He writes a weekly blog called This Week in 4n6 that provides a roundup of news and updates about DFIR, and he produces a monthly podcast covering a selection of important recent articles. Phill also has a personal research blog documenting some of his DFIR research on topics such as Zone identifiers, examination documentation, and an introduction to mounting APFS volumes on MacOS. Phill's tools, including his GSERPent Google URL Parser and his Homespeak tool for interacting with Google Home devices, can be found on his Github page. He was nominated for the Forensic 4Cast "Blog of the Year" award in 2017 and 2018 and was selected to speak at the SANS DFIR Summit in 2018. In 2019, he was nominated for the Forensic 4Cast "Resource of the Year", "Podcast of the Year", and "Social Media Contributor of the Year".
While Phill's primary interests revolve around forensics and family, he also likes all things superhero, from comic books to TV and movies, and stays active at the gym and on the soccer field. When he's not reading about superheroes or being a DFIR superhero in real life, he enjoys singing to his baby daughter and is constant searching for more time to hone his guitar-playing skills.
- Instructor for SANS FOR500: Windows Forensic Analysis course
- Co-author and instructor of the FOR308: Digital Forensics Essentials course
- Writes a weekly blog called This Week in 4n6 that provides a roundup of news and updates about DFIR, and produces a monthly podcast covering a selection of important recent articles
- Produces a personal research blog documenting his DFIR research
- Nominated for the Forensic 4Cast "Blog of the Year" award in 2017 and 2018, and "Resource of the Year", "Podcast of the Year", and "Social Media Contributor of the Year" in 2019.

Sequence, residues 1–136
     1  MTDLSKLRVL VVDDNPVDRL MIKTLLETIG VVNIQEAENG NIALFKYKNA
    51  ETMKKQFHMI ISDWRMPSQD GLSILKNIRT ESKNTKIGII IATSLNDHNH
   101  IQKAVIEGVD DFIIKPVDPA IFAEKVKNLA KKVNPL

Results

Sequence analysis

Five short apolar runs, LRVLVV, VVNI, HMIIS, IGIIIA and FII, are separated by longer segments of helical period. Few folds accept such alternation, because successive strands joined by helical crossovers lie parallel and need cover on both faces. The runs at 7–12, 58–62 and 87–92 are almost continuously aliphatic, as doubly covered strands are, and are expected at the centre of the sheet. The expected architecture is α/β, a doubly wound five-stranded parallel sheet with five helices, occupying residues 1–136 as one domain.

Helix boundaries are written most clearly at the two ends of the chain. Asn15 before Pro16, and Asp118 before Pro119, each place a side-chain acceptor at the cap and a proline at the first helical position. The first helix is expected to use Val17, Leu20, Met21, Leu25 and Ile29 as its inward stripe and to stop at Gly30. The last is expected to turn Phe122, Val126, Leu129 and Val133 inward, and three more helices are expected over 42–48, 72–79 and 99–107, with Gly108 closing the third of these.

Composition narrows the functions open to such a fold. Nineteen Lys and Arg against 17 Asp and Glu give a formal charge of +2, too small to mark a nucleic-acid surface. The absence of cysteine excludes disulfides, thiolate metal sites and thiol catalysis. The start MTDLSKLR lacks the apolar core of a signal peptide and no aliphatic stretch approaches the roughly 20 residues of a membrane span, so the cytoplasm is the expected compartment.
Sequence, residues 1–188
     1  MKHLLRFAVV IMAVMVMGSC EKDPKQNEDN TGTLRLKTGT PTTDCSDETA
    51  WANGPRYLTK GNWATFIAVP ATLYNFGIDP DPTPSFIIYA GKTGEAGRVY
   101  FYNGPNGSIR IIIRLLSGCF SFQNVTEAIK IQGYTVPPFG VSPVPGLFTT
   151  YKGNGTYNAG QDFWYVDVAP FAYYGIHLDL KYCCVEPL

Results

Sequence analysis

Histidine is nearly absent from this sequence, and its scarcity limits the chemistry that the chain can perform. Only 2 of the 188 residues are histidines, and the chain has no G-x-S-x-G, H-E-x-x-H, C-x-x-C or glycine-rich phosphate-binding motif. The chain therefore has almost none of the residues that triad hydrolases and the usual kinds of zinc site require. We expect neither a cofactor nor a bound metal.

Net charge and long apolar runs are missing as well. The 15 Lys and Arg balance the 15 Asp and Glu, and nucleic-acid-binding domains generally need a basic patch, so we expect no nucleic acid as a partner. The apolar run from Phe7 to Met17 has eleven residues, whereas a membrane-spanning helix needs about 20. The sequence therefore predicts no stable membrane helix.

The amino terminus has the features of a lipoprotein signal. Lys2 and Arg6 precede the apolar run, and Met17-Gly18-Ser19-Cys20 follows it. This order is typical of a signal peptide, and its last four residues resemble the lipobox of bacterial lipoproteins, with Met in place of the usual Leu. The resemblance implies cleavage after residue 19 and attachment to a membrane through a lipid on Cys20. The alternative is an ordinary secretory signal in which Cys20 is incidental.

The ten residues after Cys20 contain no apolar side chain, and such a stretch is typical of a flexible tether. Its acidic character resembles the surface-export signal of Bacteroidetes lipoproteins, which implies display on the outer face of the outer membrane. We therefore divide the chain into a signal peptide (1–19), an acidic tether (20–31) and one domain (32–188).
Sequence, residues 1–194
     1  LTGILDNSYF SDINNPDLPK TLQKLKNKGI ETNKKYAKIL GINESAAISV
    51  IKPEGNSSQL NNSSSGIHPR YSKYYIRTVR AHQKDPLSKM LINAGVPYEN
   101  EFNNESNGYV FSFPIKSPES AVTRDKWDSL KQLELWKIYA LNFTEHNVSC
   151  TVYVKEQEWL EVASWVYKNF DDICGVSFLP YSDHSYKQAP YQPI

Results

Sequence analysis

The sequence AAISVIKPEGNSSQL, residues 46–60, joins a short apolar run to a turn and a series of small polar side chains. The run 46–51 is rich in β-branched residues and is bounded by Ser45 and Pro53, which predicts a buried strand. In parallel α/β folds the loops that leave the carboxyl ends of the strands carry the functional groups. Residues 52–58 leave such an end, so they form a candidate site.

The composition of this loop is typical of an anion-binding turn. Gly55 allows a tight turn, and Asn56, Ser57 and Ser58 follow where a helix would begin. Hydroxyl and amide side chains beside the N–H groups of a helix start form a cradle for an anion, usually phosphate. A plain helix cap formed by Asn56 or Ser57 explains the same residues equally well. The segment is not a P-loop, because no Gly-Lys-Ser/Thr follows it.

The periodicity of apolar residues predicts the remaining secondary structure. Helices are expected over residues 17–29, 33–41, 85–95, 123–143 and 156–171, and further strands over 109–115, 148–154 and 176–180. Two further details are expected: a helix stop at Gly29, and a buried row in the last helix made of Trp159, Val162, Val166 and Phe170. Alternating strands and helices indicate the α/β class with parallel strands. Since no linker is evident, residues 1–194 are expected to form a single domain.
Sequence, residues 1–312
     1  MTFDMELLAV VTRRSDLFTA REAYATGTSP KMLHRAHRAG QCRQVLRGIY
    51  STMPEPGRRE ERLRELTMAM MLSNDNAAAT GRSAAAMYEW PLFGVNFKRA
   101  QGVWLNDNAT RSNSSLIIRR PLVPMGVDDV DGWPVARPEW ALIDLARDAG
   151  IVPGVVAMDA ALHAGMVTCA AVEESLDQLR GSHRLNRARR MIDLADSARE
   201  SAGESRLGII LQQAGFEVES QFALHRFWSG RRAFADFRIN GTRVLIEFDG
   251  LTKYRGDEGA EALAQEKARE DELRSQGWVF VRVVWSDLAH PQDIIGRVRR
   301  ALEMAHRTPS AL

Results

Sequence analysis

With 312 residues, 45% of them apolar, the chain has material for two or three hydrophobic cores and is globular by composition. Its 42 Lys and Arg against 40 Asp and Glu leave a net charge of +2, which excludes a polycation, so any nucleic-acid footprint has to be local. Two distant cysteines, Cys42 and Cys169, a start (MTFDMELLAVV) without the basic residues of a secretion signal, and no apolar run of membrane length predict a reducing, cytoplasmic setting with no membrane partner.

Get to Know Phill Moore
- DFIR blog and podcast: https://thisweekin4n6.com/
- Research blog: https://thinkdfir.com/
- GitHub page: https://github.com/randomaccess3
- Twitter: https://twitter.com/phillmoore
- GIAC Certified Forensic Examiner (GCFE)
- IACIS Certified Forensic Computer Examiner (CFCE)
- GIAC Certified Forensic Analyst (GCFA)
- Magnet Certified Forensics Examiner (MCFE)
- Enfuse 2018 - Oh! You Were On My List Of People To Meet, 2018
- SANS DFIR Summit 2018 - Investigating Rebel Scum's Google Home Data, 2018
- SANS Webinar - www.google.com/search?q=what+does+this+all+mean?, 2017
- Magnet AXIOM Examination (AX200), 2019
- Windows Forensic Analysis (SANS FOR500), 2018
- X-Ways Forensics & File Systems Revealed, Cbit Digital Forensic Services, 2017
- The X-Ways Forensics Practitioner's Guide Online and On-Demand Course, Digital Forensics & Incident Response Training, 2017
- Advanced Digital Forensics, Incident Response, and Threat Hunting (SANS FOR508), 2017
- Hack It and Track It, Nuix, 2016
- Windows Forensic Analysis (SANS FOR408), 2016
- Mac Forensics: Essential Forensic Techniques 1, Blackbag Technologies, 2014
- Encase Advanced Internet Examinations, Guidance Software, 2013
- Advanced Photo Forensics, Nasir Memon, 2012
- Encase Intermediate Computer Forensics Analysis and Reporting, Guidance Software, 2011
- Cellebrite Universal Forensic Extraction Device (UFED) Introduction , Point Trading Pty Ltd, 2011
ADDITIONAL CONTRIBUTIONS BY PHILL MOORE:
Getting Started in DFIR: Testing 1,2,3, Feb 2021
Securing Your Future in DFIR, April 2020